She added that the acting was excellent and was impressed with how the actors toned down their accents and spoke in broken English to fit the times.

“Born a King,” which also stars Ed Skrein and Rubén Ochandiano, is now showing in cinemas throughout the Kingdom.


Global stars shine at Saudi leisure forum

Updated 14 October 2019

Global stars shine at Saudi leisure forum

  • “It (Saudi Movies) will bring Saudis closer to the world and the world closer to Saudi,” Shahrukh Khan 

RIYADH: Saudi Arabia took another step toward establishing its place on the global entertainment map with a major industry event in Riyadh on Sunday.

The Joy Forum19 brought together entertainment promoters and pioneers from around the world, along with global stars such as Indian actor and film producer Shah Rukh Khan; Hong Kong martial artist, actor, film director Jackie Chan and Belgian actor and martial artist Jean-Claude Van Damme.

The event was organized by the General Entertainment Authority (GEA), which signed several important agreements on the day, including a financing guarantee program for small and medium-sized enterprises.

Participants are ushered in on the first day of the Joy Forum19 event in Riyadh. (Social media photo)

“Our message is for both, locally and internationally. Me and my generation suffered a lot, we had lots of time on our hands,” GEA chairman Turki Al-Sheikh said at the event.

“Today you are witnessing things we have never had in Saudi Arabia. We have 300,000 visitors to our events, and our sales have hit 80 percent.

“Saudi Arabia has never seen anything like Riyadh Season, we have over 400 sponsors, which is unprecedented.”

Al-Sheikh announced that the authority had named a stadium after singer Mohammed Abdo, the “Artist of Arabs,” and another after Abu Baker Salim, the father of Khaleeji music. 


READ MORE: Three MoUs signed at opening day of Joy Forum19 in Riyadh



Drunken master

The actors expressed what it meant to be movie stars and how wide-reaching their influence could be.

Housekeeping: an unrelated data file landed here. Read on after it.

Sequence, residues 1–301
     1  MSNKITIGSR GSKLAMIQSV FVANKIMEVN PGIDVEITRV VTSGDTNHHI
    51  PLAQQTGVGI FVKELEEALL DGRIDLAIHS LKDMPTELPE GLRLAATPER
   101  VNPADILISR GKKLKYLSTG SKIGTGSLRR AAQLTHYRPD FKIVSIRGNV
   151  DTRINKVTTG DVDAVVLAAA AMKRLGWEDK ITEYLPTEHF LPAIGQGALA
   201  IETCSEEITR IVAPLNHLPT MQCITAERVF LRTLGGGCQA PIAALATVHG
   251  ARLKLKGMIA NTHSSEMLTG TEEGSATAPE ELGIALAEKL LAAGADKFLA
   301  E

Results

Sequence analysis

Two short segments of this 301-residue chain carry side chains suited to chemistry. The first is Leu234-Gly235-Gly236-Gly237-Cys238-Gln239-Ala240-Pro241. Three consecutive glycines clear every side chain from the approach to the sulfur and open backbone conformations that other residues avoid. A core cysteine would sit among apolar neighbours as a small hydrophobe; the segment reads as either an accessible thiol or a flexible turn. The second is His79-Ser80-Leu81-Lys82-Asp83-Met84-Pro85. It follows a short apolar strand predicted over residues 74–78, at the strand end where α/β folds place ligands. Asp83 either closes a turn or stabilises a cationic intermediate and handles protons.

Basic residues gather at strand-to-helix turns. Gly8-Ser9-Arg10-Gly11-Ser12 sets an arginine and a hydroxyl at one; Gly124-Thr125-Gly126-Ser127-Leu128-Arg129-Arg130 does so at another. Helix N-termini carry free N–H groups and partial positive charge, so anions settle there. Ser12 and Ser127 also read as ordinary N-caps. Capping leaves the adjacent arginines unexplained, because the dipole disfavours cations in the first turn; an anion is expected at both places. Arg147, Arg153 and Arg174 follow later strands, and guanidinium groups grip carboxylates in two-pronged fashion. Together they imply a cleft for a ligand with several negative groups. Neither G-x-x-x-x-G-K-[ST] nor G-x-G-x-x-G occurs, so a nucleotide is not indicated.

Jackie Chan recalled that when he was a new actor, he often acted like a drunken fighter until he realized that he has a responsibility towards younger fans. 

Jackie Chan: no longer a "drunken master". (AN photo by Basheer Saleh)

“All over the world I keep drinking and fighting (in films).  I realized that I made drunken master cool — so I stopped,” he said. One of Chan's most popular movies was the 1978 action comedy martial arts film "Drunken Master".

“When you’re 20 you don’t have this inner thought — anything that makes the audience laugh you do, but later on especially (when I went) to Africa so many years ago — they started doing the drunken style — the children look up to me. So, I realized we have a responsibility to the children so all those years I corrected those actions: no dirty comedy words or action,” he said.

He attributed his awareness in being responsible for the content he produces to the fans. “I’m really thankful to the fans in making me a good actor.”

Chan spoke about his experience in acting martial arts in both the United States and Asia. “I realized we have two different markets one for America another for Asia. They are totally two different things.”

The safety measures the US takes for stunts is very impeccable making sure of the wellbeing of the actor comes first. However, in Asia it’s a different story, “In Asia when I want to do a stunt, I roll, jump (and then go to the) hospital, he said laughingly.